Paul B. Sigler (1934-2000)

[Paul B. Sigler]Paul Sigler suffered a sudden and fatal heart attack on January 11th while walking from his home in New Haven to his laboratory at Yale University. His unexpected death came as a shock to all who knew him, and is particularly distressing to those of us who were privileged to call him student, mentor or colleague. Paul's engaging personality, his intense enthusiasm and his passion for science will be missed by many. Paul's remarkable scientific versatility as chemist, structural biologist and crystallographer stems from his early training. He graduated summa cum laude in chemistry from Princeton University, and then trained in medicine at Columbia University. After completing both internship and residency at Columbia-Presbyterian Medical Center, he switched careers to pursue basic research. Paul was introduced to crystallography in David Davies' laboratory at the NIH, and he received his Ph.D. from the University of Cambridge in 1967 for his role in the structure determination of γ-chymotrypsin in collaboration with David Blow, Richard Henderson and Brian Matthews. As a faculty member of the University of Chicago, Paul conducted pioneering structural investigations of initiator tRNAmet, phospholipase A2, and trp repressor. His career reached new heights of excellence after his move to Yale University in 1989 to become an HHMI investigator and Henry Ford II Professor of Molecular Biophysics and Biochemistry. In his last and most productive decade, Paul led a large and extremely capable group of young scientists in groundbreaking investigations of eukaryotic transcriptional control, transmembrane signaling, and protein folding.

Paul's ambition to understand biological phenomena in structural terms often challenged the limits of the crystallographic method, and was a driving force for many significant advances. His highly inventive mind and keen ability to motivate others created a fertile environment for scientific exploration. Paul liked to compare protein crystallography to a decathlon, where the competitor may excel in certain events, but must be proficient in each one. Paul was more often coach than competitor, but he had a deep understanding of the game, and an instinct for bringing out the best in his people. Among his many contributions are innovations in crystallization, preparation and analysis of heavy atom derivatives, cryogenic techniques, optics, data processing and density modification. In many ways Paul's laboratory defined the cutting edge of modern protein crystallography.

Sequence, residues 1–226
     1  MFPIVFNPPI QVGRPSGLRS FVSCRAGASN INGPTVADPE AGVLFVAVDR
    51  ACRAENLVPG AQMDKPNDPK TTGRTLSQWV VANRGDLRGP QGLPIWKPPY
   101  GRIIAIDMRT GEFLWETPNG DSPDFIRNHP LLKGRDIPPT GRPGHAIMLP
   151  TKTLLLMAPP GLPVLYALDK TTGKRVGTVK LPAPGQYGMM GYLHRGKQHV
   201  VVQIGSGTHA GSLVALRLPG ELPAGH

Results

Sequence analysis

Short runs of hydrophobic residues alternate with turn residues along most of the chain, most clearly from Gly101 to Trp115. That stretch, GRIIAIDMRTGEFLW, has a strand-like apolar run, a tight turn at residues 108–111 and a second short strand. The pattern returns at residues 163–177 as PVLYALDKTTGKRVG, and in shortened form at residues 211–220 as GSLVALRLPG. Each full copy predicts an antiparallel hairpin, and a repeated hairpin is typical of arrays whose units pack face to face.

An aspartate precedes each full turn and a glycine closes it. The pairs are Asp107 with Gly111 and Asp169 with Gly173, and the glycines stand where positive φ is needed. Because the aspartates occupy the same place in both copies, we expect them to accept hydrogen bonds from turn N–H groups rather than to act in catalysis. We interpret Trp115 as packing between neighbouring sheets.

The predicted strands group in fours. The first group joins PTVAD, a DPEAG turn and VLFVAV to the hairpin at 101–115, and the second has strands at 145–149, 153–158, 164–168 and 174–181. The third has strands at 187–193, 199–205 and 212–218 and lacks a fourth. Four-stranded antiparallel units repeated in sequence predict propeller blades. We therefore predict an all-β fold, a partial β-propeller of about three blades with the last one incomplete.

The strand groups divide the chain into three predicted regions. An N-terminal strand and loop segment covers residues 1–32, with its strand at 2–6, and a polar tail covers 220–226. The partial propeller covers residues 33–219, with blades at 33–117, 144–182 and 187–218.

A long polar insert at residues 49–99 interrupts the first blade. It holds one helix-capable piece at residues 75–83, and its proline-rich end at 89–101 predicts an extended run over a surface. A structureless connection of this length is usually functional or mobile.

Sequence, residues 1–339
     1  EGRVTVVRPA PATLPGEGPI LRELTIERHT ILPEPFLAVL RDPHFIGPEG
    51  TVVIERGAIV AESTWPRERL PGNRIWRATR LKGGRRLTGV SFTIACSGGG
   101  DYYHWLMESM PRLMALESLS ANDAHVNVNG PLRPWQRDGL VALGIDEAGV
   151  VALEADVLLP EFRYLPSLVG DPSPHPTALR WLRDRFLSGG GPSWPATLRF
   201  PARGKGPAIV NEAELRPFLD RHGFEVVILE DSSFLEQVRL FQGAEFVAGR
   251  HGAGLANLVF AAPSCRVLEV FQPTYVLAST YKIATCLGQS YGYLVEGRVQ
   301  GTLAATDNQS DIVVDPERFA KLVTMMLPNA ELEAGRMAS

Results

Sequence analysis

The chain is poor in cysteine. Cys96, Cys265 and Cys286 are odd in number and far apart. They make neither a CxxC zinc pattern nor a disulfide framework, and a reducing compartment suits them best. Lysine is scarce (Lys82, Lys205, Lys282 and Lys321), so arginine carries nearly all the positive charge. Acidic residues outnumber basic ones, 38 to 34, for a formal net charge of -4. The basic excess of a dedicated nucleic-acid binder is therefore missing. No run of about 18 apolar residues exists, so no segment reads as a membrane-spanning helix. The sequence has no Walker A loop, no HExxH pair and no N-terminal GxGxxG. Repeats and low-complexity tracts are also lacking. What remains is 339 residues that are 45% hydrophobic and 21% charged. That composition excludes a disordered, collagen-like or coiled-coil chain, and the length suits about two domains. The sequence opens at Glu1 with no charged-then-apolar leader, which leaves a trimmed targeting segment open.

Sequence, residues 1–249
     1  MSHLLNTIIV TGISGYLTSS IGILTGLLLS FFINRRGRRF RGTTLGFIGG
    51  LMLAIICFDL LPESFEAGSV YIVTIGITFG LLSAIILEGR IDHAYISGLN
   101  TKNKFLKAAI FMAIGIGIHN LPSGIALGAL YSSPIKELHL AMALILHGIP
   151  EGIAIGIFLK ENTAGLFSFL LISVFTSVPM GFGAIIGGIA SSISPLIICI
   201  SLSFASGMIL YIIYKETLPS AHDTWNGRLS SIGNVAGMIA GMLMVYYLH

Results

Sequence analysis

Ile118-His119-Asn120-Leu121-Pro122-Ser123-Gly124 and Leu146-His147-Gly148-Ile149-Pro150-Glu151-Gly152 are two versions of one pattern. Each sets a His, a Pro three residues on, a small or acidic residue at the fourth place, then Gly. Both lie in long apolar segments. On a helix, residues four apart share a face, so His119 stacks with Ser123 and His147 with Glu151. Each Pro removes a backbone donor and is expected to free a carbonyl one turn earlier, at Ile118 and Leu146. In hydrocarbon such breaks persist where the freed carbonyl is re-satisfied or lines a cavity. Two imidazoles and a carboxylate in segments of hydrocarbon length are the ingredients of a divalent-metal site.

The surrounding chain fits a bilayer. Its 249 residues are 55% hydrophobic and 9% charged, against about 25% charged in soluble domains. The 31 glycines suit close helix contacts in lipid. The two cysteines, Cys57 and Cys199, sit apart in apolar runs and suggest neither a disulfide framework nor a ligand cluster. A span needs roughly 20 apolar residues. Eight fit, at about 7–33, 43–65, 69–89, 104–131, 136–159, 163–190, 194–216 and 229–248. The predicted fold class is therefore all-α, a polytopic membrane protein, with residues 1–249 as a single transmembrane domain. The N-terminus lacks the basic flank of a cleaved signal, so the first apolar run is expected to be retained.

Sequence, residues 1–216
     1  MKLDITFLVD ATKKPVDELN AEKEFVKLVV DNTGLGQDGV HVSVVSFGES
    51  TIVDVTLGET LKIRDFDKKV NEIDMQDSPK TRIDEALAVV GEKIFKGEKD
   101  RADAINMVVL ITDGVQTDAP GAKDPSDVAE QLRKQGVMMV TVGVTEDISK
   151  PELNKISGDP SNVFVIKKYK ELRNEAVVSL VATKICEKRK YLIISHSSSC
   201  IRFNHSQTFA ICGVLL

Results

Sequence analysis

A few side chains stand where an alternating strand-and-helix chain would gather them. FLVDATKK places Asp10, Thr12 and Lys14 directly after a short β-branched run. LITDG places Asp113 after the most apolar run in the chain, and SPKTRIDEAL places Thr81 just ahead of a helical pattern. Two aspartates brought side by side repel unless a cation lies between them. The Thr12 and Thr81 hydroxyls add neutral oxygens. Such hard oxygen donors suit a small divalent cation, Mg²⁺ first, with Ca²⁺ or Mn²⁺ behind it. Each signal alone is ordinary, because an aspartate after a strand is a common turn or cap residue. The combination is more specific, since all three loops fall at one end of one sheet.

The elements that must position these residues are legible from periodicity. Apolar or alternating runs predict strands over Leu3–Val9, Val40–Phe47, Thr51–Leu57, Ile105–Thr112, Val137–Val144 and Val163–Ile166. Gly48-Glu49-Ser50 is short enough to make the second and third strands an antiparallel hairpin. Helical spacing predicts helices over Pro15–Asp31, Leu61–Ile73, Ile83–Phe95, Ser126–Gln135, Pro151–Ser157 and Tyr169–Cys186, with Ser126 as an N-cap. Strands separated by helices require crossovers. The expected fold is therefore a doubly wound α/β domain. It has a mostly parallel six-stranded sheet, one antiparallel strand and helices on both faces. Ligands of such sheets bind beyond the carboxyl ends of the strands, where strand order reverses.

My first interactions with Paul were in the graduate course he taught at the University of Chicago in the spring of 1983. An enduring memory is the huge beaker of chalk he brought up to the classroom, with which he would illustrate every concept with incredible clarity and detail. Despite temperamental comments when the chalk would slip away from him, his love of the crystallographic method and his enthusiasm for its use shone through loud and clear. When I subsequently joined Paul's laboratory I discovered that the effort he took in the classroom was redoubled in the supervision of his graduate students and postdoctoral fellows. He would frequently leave handwritten notes, sometimes several pages long, with suggestions of how to get the experiment of the day to work. But he also insisted that we think for ourselves, rather than operate as 'trained baboons.' The message was often passionately delivered, and we all listened and matured as scientists. Beyond the experiment, Paul was a great conversationalist, a terrific party host, and a good friend.

Paul trained and nurtured over seventy students and postdocs, many of whom have gone on to independent scientific careers. He also had many warm and lasting relationships with scientists from around the globe. I am grateful to colleagues who have generously shared their memories of Paul to aid the writing of this tribute, which has been a labor of love. Paul's love for his family was obvious to us all, and we extend our deepest sympathies to his wife Jo, their five children and eight grandchildren.

Cathy Lawson

Yale U. will honor Paul's memory by creating a permanently endowed lectureship in structural biology at Yale, which will be held by leading scientists who will be chosen as exemplars of the approaches and style that Paul represented. Please send contributions to Office of the Chair, Dept of Molecular Biophysics and Biochemistry, Yale U., PO Box 208114 , 260 Whitney Ave., New Haven, Connecticut 06520-8114. Checks should be made out to Yale University and marked 'Paul Sigler Lecture Fund'.